Choosing a Good-Time Filter

August 31, 2007 | 13 Comments »

hike.jpgEvery week the dogs and I go hiking with my dear dad. His favorite trail (Mueller Park – shown here) has crazy bushes along the way that create nasty stickers for dogs. My ex won’t even walk it. He says it’s not worth the trouble of pulling out stickers from coats for several days.

Plus there’s an abundance of deer and rabbits the dogs love to chase. And (I imagine) it’d be easy for them to get lost on this mountain.

So when Sadie or Joe launch an off-trail adventure, I’m not super encouraging of it. (That’s my indirect way of saying I yell at them to get their butts back here.)

Last week Joe went off trail for quite a while. So long that I thought I lost him. There was a lot of hollering that day. I was unusually hot. He jeopardized our good time by risking getting lost?! What a Stinker with a capital S! (Indeed it was an s-word I used, but it might not have been “stinker.”)

Anyway, as we’re wrapping up this morning’s hike, dad says, “I noticed Joe didn’t get in any trouble today.”

I realized he was right. There was no yelling, no hollering, no waiting. Joe was a very good boy today.

As I start to acknowledge agreement, dad says, “And it didn’t seem like he did anything different.”

Wait, what does he mean by THAT?

Of course Joe was different, because there wasn’t any trouble or hollering or MIA dogs.

I think about it, and realize Joe did go on an off trail adventure today. He was gone for a while – twice even! But I didn’t worry about him this time. I trusted he’d find his way back to us and all would be well. No yelling today.

Dad is not a master of subtlety. However, I realize today he is making a gentle point that we went on the same hike we always go on, this time there was no trouble. The difference was me.

Same Joe, same off trail adventures. No trouble.

Different Jeannette.

So the trick for a more enjoyable walk with the dogs doesn’t have to do with dogs listening better. It has to do with ME and my CHOICES of how to be on this walk.

I can worry, or I can trust and enjoy. It’s so much nicer for everyone when I trust and enjoy. I know this stuff – why aren’t I practicing it more?!

Tonight I wonder where else I might spoil my potential good time by worrying instead of trusting and enjoying.

Well, I see it a lot more of it than I would have guessed. I thought I was the Good Time Queen! And now I see how I spoil my Friday night with Russ by fretting that he’s not off the golf course till 8, which is too late for dinner, too late for a movie, too late for fun.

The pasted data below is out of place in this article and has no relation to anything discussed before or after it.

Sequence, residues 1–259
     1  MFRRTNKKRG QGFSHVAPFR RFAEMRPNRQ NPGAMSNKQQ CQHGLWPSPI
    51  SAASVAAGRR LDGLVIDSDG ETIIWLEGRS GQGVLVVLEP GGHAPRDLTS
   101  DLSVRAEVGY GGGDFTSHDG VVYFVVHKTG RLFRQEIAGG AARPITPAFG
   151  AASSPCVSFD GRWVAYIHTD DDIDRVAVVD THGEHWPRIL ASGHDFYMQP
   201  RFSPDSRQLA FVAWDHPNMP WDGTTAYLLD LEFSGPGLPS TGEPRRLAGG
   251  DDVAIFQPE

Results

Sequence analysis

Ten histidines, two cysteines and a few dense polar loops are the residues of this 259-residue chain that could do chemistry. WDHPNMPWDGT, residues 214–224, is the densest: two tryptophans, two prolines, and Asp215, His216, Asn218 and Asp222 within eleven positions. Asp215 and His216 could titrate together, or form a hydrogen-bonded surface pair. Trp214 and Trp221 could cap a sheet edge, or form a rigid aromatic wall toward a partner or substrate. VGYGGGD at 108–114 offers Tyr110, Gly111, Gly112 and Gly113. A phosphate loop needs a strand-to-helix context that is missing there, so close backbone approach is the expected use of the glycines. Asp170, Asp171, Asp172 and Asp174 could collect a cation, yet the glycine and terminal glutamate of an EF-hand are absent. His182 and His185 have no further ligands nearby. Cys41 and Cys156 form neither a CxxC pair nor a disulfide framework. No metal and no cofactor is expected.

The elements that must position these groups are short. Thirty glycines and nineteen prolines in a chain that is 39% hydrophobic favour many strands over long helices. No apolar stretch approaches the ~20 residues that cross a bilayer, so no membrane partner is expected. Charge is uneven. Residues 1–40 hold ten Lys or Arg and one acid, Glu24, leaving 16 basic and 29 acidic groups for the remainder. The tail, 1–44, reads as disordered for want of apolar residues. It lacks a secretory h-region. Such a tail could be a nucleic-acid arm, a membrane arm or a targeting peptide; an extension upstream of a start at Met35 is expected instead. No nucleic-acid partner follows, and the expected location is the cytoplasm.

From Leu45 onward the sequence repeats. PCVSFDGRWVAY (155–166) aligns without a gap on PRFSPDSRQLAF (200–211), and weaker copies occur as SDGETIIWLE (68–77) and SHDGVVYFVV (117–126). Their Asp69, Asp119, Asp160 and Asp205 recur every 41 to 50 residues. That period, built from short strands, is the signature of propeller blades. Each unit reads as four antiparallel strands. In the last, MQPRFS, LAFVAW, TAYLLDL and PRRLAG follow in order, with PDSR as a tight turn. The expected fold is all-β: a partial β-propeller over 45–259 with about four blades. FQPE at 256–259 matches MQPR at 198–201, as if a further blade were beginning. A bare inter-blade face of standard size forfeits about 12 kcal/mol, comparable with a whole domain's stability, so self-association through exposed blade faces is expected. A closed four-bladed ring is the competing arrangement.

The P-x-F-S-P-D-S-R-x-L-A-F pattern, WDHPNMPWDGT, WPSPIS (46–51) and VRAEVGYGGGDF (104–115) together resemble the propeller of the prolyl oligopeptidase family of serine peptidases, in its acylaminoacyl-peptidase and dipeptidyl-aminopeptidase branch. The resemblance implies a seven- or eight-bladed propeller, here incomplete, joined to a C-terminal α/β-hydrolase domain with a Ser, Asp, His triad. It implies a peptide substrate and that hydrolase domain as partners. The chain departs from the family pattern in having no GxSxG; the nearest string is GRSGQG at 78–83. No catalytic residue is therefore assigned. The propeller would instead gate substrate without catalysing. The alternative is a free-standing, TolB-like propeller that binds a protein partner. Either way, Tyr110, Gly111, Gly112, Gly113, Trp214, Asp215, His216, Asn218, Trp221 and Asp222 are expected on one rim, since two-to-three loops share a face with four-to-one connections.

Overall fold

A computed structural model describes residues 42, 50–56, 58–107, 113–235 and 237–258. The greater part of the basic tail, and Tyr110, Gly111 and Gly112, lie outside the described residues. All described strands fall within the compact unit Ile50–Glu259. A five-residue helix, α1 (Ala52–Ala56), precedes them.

Uh huh.

I see that instead of being able to laugh at watching my ex and his dad try to re-trap nine feral bunnies (seriously, two Elmer Fudds lurking behind bushes with fishing nets and traps with carrots set on the trigger – classic humor!), I worry what fate might befall the bunnies if they’re not relocated.

I see that I could have more purposefully enjoyed four kitties growing up in my house if I wasn’t carrying the tendency to notice the absence of the two who didn’t make it.

No change in situation. Just a change in my perception, my response, my vibration. Makes all the difference in the world.

Wow!! What ELSE can I change??

Okay, I’m liking this … instead of being regretful about all the work that didn’t get done this week, I could relax and know the important stuff got done and enjoy my accomplishments. Maybe even look forward to the next week, instead of feeling behind for it.

Instead of being annoyed with dad for pointing out that I’m the only good time spoiler on the hike, I could be grateful for seeing it myself now.

My perception. That’s the difference.

The good time is always there. The only question is which filter am I using? Am I filtering for a good time, or filtering for a bad time? I’ll find either one I look for. Universe is very accommodating that way.

Here’s to a good time filter for all of us who desire it this (stateside Labor Day) weekend! Namaste.

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13 Responses to “ Choosing a Good-Time Filter ”

  1. Aaron says:

    Awesome post, Jeannette, and right on the money with the lessons that it teaches.

    One of the reasons why I blog and why I read other people’s blogs is because – like you – I already know this stuff, but the reminders help to keep me on track.

    It’s amazing how easy it is to start applying a filter that is not in our own best interests!

  2. Anonymous says:

    I like that good time filter Jeannette. I noticed I was reaching for it this weekend as well.
    I was horrified to realize how scared and sad my son was feeling, leaving home and going to university. As we drove down to take him there I was feeling like a heel, I should have realized sooner he was scared, he wasn’t ready, and maybe we should have waited another year.
    I tried all my tricks to comfort him to tell him nothing is carved in concrete, that he could call anytime – we upgraded his phone and his plan and I even gave him my angel coin that says I am always with you. I told him I was his Mom angel…
    And then I decided to watch my thoughts to script happier thoughts to see him getting around the campus with ease, realizing how exciting and fun it was going to be. And loving using his brains. Knowing we are always with him just a heartbeat away.
    And I started scripting how I was going to feel good about the changes and the growth of my two sons. My husband and I felt relief as we drove away. As I watched my tall gentle handsome son walking away I thought You belong here. This is your life sweetheart, have the time of your life.